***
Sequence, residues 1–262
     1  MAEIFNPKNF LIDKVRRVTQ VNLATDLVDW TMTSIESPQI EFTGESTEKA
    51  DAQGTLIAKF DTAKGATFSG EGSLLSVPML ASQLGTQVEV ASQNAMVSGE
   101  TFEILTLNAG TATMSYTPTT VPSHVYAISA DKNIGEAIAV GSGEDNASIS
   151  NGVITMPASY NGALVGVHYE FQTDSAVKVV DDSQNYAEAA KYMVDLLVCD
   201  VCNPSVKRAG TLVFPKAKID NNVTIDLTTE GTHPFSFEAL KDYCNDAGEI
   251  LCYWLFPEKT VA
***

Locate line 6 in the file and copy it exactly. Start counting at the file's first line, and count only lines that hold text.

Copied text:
   201  VCNPSVKRAG TLVFPKAKID NNVTIDLTTE GTHPFSFEAL KDYCNDAGEI